Artists from all over the world participated in a London exhibition to honor the slain women of Juárez.
Entitled 400 Women, the exhibition features portraits of 200 women from Juárez who have been murdered or gone missing. Each artist created the portrait after being given basic information about a particular woman.
Mexican artist Andres Basurto was assigned Melissa Gonzalez Luna, who disappeared three years ago at the age of sixteen. With only a small photograph to work from, he decided to bring out her “positive energy” through her eyes and smile. “I wouldn’t consider myself a sentimental artist, but I did sometimes find myself in tears,” Basurto told the BBC.
While some artists had no photographs, other artists had more to work with. However, knowing more details possibly made it even more heart-wrenching. Artist Monica Alcanzar learned the distrubing details behind the death of her assigned woman, 19 year-old Maria Eugenia Mendoza Arias. “She was dumped in the middle of the garbage. Her skull was actually broken. Someone ran over her in a car after raping her really violently.” She decided to represent Mendoza Arias through a gold pendant. “I crushed the pendant because of that, trying to evoke this combination of something that is fragile, that has been broken, abused, and then suspended for people to see.”
The project was created by British artist Tamsyn Challenger, who traveled to Mexico in 2006 and met with some of the victims’ families. “Just as I was leaving [one mother] on our final meeting, she pushed postcards of her daughter into my hands.” Challenger recalls. “The face looking up at me was such a poverty of an image. It had been reproduced from a snapshot and the face was blurred. I think I just wanted to bring that face back again and that’s really what started 400 Women in my mind.”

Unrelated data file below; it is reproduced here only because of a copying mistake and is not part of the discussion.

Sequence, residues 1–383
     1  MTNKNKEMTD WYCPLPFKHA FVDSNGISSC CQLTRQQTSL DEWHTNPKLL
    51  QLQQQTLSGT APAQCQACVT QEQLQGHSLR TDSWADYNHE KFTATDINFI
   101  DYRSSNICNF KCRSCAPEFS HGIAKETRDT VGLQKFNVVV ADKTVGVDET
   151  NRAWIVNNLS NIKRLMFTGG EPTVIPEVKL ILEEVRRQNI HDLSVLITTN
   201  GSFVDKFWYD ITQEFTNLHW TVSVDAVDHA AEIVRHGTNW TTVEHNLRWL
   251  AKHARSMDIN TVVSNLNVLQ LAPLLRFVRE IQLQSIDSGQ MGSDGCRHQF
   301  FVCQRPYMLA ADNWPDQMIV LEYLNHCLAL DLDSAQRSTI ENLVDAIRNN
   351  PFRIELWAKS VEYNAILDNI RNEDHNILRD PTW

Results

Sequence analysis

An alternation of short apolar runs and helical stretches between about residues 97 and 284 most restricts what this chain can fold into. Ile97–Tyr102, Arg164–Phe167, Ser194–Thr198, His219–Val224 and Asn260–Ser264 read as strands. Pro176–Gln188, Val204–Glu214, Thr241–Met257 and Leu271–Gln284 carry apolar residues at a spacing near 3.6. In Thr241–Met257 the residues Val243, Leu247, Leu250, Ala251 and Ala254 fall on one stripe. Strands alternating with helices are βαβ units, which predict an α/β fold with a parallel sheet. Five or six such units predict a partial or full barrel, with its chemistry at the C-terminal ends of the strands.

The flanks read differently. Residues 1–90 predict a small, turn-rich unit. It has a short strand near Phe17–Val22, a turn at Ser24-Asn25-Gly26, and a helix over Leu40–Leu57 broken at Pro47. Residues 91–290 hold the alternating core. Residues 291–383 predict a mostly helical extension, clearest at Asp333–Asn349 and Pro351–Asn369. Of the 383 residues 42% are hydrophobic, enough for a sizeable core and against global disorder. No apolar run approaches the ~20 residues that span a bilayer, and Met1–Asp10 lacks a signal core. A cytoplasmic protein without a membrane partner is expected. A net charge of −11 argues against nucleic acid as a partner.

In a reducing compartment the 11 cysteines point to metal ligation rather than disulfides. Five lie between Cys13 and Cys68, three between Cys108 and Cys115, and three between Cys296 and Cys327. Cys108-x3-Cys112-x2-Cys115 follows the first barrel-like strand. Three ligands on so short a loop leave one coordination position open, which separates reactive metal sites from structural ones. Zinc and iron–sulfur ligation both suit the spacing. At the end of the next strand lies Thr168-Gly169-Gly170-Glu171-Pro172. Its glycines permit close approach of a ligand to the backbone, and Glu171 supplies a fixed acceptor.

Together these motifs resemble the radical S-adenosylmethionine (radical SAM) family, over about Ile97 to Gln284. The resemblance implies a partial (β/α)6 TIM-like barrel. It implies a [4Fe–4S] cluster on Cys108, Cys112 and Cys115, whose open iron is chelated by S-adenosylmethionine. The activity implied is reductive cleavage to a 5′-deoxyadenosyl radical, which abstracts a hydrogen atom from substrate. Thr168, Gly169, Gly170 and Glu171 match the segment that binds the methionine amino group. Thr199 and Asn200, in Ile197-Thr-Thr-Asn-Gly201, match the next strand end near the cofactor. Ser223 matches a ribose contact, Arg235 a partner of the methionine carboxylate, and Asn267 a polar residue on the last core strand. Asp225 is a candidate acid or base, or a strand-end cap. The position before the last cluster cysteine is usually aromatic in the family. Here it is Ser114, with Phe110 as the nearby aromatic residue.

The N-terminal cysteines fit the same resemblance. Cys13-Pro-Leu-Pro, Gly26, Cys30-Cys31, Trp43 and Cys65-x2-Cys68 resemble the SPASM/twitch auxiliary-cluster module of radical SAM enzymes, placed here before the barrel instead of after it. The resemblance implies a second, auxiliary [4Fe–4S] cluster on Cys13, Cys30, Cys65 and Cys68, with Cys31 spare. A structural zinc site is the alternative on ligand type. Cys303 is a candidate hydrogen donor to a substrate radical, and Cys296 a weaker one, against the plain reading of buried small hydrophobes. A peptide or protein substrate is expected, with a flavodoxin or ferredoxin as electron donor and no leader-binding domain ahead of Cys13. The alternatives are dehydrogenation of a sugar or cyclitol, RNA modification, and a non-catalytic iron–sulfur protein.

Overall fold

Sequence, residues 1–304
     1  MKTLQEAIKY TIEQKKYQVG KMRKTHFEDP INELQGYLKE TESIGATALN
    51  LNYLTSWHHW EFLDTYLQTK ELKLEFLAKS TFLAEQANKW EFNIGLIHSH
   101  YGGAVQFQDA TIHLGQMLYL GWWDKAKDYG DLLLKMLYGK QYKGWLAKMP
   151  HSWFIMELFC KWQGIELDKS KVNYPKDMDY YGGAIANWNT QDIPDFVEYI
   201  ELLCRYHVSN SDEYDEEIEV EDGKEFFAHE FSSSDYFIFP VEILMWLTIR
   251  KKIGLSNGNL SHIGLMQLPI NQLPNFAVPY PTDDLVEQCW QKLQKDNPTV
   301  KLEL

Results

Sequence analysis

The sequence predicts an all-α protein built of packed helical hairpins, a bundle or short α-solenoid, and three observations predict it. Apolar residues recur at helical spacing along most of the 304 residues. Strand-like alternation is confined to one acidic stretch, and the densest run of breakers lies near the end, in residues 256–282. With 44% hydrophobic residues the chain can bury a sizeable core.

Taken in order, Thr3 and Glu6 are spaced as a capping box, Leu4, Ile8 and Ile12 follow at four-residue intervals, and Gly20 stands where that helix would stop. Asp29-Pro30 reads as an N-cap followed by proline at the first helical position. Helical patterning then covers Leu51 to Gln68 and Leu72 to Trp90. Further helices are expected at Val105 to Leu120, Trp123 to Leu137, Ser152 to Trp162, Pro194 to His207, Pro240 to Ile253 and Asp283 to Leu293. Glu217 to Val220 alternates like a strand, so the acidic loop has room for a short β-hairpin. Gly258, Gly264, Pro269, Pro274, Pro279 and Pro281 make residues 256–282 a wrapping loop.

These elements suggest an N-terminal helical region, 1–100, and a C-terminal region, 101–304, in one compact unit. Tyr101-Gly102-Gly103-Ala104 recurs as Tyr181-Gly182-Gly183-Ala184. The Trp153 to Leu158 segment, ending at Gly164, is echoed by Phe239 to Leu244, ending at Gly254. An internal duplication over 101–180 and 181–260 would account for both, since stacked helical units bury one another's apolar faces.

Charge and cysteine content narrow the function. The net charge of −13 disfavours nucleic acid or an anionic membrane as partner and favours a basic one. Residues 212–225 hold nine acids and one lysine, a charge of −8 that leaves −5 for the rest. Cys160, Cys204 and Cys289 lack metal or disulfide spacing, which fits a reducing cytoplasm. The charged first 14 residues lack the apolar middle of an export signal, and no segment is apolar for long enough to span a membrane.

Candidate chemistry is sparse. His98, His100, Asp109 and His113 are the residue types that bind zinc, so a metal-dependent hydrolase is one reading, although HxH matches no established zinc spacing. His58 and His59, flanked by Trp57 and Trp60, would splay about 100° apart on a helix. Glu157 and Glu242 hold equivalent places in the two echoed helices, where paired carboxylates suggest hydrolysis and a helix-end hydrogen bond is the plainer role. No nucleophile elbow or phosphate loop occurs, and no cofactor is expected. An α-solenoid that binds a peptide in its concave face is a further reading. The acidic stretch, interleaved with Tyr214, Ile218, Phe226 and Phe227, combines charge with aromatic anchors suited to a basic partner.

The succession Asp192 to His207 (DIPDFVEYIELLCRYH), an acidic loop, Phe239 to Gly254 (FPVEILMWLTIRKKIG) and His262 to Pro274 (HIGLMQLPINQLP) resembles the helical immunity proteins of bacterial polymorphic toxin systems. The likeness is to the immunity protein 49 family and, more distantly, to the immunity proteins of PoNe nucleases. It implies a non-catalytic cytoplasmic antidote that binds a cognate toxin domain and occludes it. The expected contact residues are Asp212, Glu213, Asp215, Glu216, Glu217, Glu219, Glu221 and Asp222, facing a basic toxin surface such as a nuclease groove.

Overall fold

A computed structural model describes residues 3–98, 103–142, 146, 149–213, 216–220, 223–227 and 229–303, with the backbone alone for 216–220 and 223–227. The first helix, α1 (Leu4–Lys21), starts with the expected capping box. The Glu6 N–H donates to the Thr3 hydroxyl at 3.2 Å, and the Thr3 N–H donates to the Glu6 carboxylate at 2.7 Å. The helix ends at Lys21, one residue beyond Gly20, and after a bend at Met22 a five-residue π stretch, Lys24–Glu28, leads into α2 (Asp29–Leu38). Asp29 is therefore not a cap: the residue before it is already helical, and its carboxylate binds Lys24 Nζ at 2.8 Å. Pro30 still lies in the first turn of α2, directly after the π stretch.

While this exhibition was inspired by Ciudad Juárez in particular, where hundreds of women have gone missing or been murdered since the mid 1990s, Challenger wants this to speak for the plight of women worldwide. “The situation in Juárez is an open wound but 1 in 4 women in [the U.K.] and in the US suffer domestic violence and my hope is that this project will raise awareness for gender violence across the globe.”
The exhibition took place during the month of November, but you can view some of the portraits in this slideshow.